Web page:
Broken Ladders reports on the employment security, advancement prospects, skills, and wages of managers in a wide range of firms and industries. These cases show that one myth--that the number of managers is declining--is wrong. But the job tenure of middle managers is more precarious. They can no longer expect steady promotions up the ladder, nor can they expect life-time employment with the same firm.
New organizational designs demand new skills from managers and
Broken Ladders describes what these are. On another front,
managerial pay has not declined at the same rate as other workers.
However, the pay gap between senior and middle managers has widened.
Given job insecurity and growing pay inequality firms confront a difficult dilemma: how to maintain the commitment of their managers at the same time that the employers are reducing their commitment to their employees.
Broken Ladders will be of interest to scholars and students in the fields of human resources, labor economics, career development,
and organizational behavior. It will also be important reading for managers and strategic planners who have to take account of the changing nature of employment.
|Publisher:||Oxford University Press, USA|
|Edition description:||New Edition|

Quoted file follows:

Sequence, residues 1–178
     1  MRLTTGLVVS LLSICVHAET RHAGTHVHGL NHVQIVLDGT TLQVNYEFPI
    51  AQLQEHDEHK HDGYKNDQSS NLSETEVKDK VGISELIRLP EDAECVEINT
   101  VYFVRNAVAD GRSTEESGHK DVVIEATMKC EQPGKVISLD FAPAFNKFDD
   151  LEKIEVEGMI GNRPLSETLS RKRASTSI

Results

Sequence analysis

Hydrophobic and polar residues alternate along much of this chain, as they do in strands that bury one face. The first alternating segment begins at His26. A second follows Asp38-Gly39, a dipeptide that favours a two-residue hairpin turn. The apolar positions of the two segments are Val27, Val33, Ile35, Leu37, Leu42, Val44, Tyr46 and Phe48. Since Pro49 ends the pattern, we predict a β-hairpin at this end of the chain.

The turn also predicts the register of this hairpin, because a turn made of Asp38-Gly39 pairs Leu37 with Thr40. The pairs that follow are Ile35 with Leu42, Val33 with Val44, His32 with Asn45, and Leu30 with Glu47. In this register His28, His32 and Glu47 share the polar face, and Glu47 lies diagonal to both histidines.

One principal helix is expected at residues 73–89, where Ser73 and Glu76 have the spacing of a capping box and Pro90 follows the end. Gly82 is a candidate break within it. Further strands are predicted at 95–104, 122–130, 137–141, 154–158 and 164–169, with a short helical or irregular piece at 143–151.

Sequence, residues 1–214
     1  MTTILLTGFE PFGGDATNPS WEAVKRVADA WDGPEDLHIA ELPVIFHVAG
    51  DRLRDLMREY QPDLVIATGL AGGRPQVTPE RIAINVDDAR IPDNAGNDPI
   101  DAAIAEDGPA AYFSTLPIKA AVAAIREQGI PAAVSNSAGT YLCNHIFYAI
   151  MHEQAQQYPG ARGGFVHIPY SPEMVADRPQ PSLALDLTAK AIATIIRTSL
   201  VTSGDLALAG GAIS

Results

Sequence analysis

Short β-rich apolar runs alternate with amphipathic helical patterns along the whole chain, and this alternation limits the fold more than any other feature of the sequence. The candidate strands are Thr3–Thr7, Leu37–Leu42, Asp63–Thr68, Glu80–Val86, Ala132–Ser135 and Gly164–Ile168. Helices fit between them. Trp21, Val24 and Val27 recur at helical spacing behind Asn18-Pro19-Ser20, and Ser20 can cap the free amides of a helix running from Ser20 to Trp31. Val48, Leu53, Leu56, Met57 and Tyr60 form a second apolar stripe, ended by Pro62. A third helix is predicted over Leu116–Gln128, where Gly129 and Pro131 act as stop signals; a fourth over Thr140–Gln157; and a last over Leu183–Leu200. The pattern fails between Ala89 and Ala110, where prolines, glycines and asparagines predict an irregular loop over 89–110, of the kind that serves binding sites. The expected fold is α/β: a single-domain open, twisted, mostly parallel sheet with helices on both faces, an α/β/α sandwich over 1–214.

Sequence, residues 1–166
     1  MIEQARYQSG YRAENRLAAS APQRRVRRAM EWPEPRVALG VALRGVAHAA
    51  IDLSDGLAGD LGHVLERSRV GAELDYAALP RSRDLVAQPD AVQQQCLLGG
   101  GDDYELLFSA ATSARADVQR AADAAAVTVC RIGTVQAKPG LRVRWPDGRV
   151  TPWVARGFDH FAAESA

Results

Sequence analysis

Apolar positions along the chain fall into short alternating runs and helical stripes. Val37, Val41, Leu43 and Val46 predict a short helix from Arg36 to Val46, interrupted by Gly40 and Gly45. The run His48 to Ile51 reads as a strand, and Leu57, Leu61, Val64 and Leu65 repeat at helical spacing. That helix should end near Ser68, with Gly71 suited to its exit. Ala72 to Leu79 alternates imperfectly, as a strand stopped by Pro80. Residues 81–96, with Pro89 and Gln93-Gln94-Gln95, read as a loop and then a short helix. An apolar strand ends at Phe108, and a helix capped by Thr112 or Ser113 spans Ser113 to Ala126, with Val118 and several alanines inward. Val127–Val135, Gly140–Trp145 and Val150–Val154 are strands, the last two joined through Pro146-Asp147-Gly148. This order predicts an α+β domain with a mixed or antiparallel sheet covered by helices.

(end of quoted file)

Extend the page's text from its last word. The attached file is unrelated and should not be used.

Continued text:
|Product dimensions:||6.50(w) x 9.50(h) x 0.91(d)|
Table of Contents
About the Authors
1. Introduction, Paul Osterman
2. Corporate Restructuring and the Restructured World of Senior Management, Michael Useem
3. From Bureaucracy to Enterprise? The Changing Jobs and Careers of Managers in Telecommunications Service, Rosemary Batt
4. Automotive White-Collar: The Changing Status and Roles of Salaried Employees in the North American Auto Industry, John Paul MacDuffie
5. Management Jobs in the Insurance Industry: Organizational Deskilling and Rising Pay Inequity, Elizabeth D. Scott, K. C. O'Shaughnessy, Peter Cappelli
6. Evolution of Management Roles in a Networked Organization: An Insider's View of the Hewlett-Packard Company, Sara L. Beckman
7. Redefining Success: Ethnographic Observations on the Careers of Technicians, Stacia E. Zabusky, Stephen R. Barley
8. Human Resources Practices and the Demographic Transformation of Professional Labor Markets, Renée M. Landers, James B. Rebitzer, Lowell J. Taylor